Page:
Early signs of a 'double dip' in housing prices

Discussion in 'Economics' started by universaller, Feb 10, 2010.

  1. wave


    Here is some Credit Default Swaps data.

    Week ending: 2010-01-29
    Term Date Gross Notional Contracts
    2010 1,742,288,036,441 234,074
    2011 1,896,398,921,679 257,526
    2012 3,016,463,113,673 384,312
    2013 2,908,914,629,169 393,936
    2014 2,503,982,094,272 392,031
    2015 818,437,633,724 130,094
    2016 726,867,601,173 127,455
    2017 830,408,809,245 145,579
    2018 313,082,888,274 32,986
    2019 125,181,012,302 10,287
    2020 21,140,420,656 1,169

    Look at all those CDS up until 2014 betting that that reference security behind it would go into default.

    Who has gained the most from the massive defaults in mortgage loans? Who were the parties that purchased these CDSs but had nothing at risk?

    Think about it. If you took out fire insurance on your neighbor's house and it caught fire? Would you help the fire along or go grab your water hose?

    We've a ways to go before seeing bottom in home prices. Anyone who recently bought or buying now is just plain ignorant.
  2. wave


    You see folks, Big Ben knows the Great Depression like the back of his hand. He sees the data, he understands what it is saying. He is a very smart man and trying to stave off what may have already started or about to hit the USA. Great Depression II. The charts say it's coming, I think Big Ben's eyes caught it as well. Go look at 1929-1930 and compare it to 2008-2009.
  3. GTS


    You really can't draw any conclusions about home prices until the gov't stops messing with the market. That includes gov't MBS purchases, home buyer tax credits, gov't mandated deferred/delayed foreclosure programs, mortgage term modification programs, mortgage principle reductions/cramdowns, et al.

    The sooner the free market is allowed to operate the sooner the real bottom will be found and then it can recover at a normal pace.

    Of course the average citizen doesn't want to hear that, they are on the 6 oclock news crying that they are losing their house so politicians rush in to do 'something' even if it is counter-productive in the long-term.

    Sooner or later prices will have to be determined by market forces and not gov't intervention. We are nowhere near there yet.
  4. I am shocked ben is talking about reeling in stimulus measures.... We're about to revisit Great recession 2.0
  5. jorgez


    US elevated consumption beyond production and siliconed the difference with credit

    therefore the old manta was ..... 2008 and before ... find some credit, spend some credit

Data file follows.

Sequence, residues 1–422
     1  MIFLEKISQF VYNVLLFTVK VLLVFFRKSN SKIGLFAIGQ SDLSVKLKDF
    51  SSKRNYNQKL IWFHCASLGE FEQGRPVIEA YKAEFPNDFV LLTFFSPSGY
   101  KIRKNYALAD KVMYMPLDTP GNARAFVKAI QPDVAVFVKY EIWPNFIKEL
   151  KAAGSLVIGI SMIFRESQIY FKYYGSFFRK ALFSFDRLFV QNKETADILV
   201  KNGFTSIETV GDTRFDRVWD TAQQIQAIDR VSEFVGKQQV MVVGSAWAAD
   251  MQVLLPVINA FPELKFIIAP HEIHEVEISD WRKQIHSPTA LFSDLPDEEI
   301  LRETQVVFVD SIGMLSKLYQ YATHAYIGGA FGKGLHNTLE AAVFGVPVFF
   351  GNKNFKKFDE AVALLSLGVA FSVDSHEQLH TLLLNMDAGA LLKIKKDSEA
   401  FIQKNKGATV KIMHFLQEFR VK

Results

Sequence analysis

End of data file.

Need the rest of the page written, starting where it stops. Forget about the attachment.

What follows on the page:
and now the new mantra is ....2010 and beyond ... earn some money, save some money

    it was fun fun fun until daddy took the credit away.

    and now deleveraging is the new game in town ... it is as though the gov. is responding in a manner completely opposite to the population and the gap is being siliconed with untruths.

    my money is on the people because their power lies in being the only productive engine in the country
  6. wave


    The data says it all. We are nowhere near a bottom.

    Anyone thinking of buying now needs to realize what the attached chart is saying!

    Now the way to play this is to figure out who will be the next Bear Stearns/AIG?

    That detailed corporate CDS data is closely guarded. Which entities will be left standing after this next wave of defaults?

    It can't be made any clearer than that chart. This is the data they don't want the sheep to see. That chart has Benny losing sleep.
  7. jorgez


    as I say, "deleveraging is the new game in town.
  8. I've said this for a long time here. Nobody listened.

    The math doesn't add up.

    Somebody is making a killing in CDS and it's not showing up on their books.

    If you suggest that large banks bought credit protecting against these MBS and CDO's going under, then restricting consumer access to credit, or at least as a hedge, well yea. The FED made them near whole on the junk they offloaded, they buy protection, which, in essence, is like buying back the tranche from the FED for pennies on the dollar, restrict credit, watch the tranche default, then get a full payout from whomever sold the protection. Soon, the banks are magically "recapitalized". Not just made whole on worthless debt. But DOUBLED their money!!! And who sold that protection, I wonder? I wonder if the FED is operating in these markets too. Perhaps a protection seller??? Just another avenue to clandestinely channel taxpayer monies to even more Wallstreet buddies in the dark.
    #10     Feb 10, 2010